Secure nodes only require staking 42 ZEN. This creates a much lower barrier to entry and allows more people a chance at running a secure node. Other Master node systems typically require a significant investment (e.g. DASH requires 1000 tokens which is over $300K)

Ultimately, secure nodes lower the barrier to entry for users. Additionally, they enforce encrypted communication between nodes. As a result, they protect against eavesdropping.

Challenges and Critiques

As discussed in the Hush and Zcash articles, Horizen uses the same trusted private keys and ceremony as Zcash. This means any issues with backdoor would also apply to Horizen

Rolf Versluis, Chief Engineer of Horizen, comments further:

“Horizen (and Zclassic AFAIK) use the original Zcash parameters created in the Zcash Parameter Generation ceremony.

After reviewing the process the Zcash team completed for the ceremony, the Horizen team believed it was done in a way that minimized the possibility of any issues with the “Hazardous Waste”.

The intention was that if Horizen found market support we would be either able to hold a new parameter generation ceremony or we would move to a different underlying software system and would move to a different set of parameters at that time.”

On a more encouraging note, this would not affect the protocol level communication and security measures in place even if there is a vulnerability. In addition, thus far there has not been evidence that the ceremony itself or any of the actors acted maliciously.

New and Noteworthy Developments

  • Zen Help – Service desk system knowledge-base and customer service ticketing system
  • 7240+ secure nodes – This is quite an accomplishments and indicates a very resilient, secure  Blockchain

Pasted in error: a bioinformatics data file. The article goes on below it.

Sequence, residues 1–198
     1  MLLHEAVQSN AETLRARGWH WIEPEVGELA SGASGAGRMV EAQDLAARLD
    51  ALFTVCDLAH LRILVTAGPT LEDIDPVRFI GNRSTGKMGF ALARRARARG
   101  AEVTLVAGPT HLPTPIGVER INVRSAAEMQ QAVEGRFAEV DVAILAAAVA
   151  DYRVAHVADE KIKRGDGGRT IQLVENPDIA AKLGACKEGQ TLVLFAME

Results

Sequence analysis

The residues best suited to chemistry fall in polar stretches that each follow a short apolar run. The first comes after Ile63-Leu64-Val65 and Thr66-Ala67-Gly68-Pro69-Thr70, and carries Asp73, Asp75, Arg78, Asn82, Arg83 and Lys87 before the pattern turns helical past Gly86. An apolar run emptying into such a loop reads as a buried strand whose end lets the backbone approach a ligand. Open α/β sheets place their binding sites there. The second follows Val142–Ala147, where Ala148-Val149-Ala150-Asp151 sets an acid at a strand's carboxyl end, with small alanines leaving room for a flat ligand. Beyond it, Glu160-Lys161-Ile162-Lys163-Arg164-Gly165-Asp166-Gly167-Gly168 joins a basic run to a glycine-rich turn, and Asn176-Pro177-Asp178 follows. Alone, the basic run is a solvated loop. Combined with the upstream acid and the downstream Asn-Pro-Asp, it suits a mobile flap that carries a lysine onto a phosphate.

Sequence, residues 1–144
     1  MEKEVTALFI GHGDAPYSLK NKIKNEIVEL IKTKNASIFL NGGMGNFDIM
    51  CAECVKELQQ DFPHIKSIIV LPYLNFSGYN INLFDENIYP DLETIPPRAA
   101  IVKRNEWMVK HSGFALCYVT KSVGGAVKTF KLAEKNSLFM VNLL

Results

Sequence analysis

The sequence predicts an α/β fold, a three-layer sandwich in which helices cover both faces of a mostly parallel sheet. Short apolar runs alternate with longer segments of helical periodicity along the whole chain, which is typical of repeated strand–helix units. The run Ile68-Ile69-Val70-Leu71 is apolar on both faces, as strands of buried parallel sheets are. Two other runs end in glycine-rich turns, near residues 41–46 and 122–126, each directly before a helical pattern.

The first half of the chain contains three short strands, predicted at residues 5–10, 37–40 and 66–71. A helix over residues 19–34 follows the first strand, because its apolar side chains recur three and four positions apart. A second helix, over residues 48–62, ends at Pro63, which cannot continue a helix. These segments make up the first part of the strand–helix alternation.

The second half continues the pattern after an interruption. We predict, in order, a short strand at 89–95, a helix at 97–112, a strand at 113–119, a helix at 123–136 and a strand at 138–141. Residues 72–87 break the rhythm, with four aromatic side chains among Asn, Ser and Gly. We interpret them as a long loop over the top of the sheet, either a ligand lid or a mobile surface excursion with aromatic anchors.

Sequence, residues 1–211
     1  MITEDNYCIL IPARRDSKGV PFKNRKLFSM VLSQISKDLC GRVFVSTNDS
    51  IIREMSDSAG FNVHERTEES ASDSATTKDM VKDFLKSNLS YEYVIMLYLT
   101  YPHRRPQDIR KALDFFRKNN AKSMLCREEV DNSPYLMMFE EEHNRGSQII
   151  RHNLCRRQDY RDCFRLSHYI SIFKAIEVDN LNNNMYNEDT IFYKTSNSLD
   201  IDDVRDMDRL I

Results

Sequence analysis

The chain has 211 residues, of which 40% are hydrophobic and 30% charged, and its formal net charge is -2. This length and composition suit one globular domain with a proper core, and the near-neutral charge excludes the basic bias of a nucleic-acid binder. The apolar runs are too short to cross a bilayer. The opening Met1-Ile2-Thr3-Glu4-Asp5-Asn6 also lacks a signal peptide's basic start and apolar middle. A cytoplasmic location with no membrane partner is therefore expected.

• IOHK Partnership – Created by Charles Hoskison of Cardano, IOHK is a Fintech focused data science firm which will be doing a deep dive of analytics for Horizen
  • Ledger wallet support – Users can now send and receive ZEN with their hardware wallet

As you can see, Horizen has been busy growing, expanding their team and secure node network. ZEN also remains a top 10 Equihash mineable coin in profitability.

Where can you store Horizen?

Horizen has a variety of wallet formats across several operating systems:

  • Arizen and Swing wallets – Developer recommended and supported desktop wallets for Windows, Mac, and Linux
  • Web wallet – A nifty web interface which allows wallet access through a browser
  • Android – A convenient mobile wallet available for Android users
  • Paper wallet – One of the most rudimentary and offline methods for storing Cryptocurrencies

Arizen wallet available on Windows, Mac, and Linux

Where to Buy or Sell Horizen

The highest volume exchanges include Bittrex and Cryptopia.

Where to Mine Zen

Some of the top mining pools include https://zenmine.pro/ and https://zen.suprnova.cc/ but there are dozens to choose from.


Horizen is a true leader not only in privacy but with governance, economic incentives, and sheer engineering ingenuity. Zen is the first ever Cryptocurrency to build in TLS. It protects not only the protocol but also the data packets sent between communications.

Their secure node system allows a low barrier to entry, passive income stream for node operators. They serve the network by enforcing strict privacy requirements, maintaining full histories, and encrypting network data.  

Many people say, “when Lambo”… I say, when privacy? With initiatives like Horizen, perhaps the answer is, now privacy.

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CoinCentral’s owners, writers, and/or guest post authors may or may not have a vested interest in any of the above projects and businesses. None of the content on CoinCentral is investment advice nor is it a replacement for advice from a certified financial planner.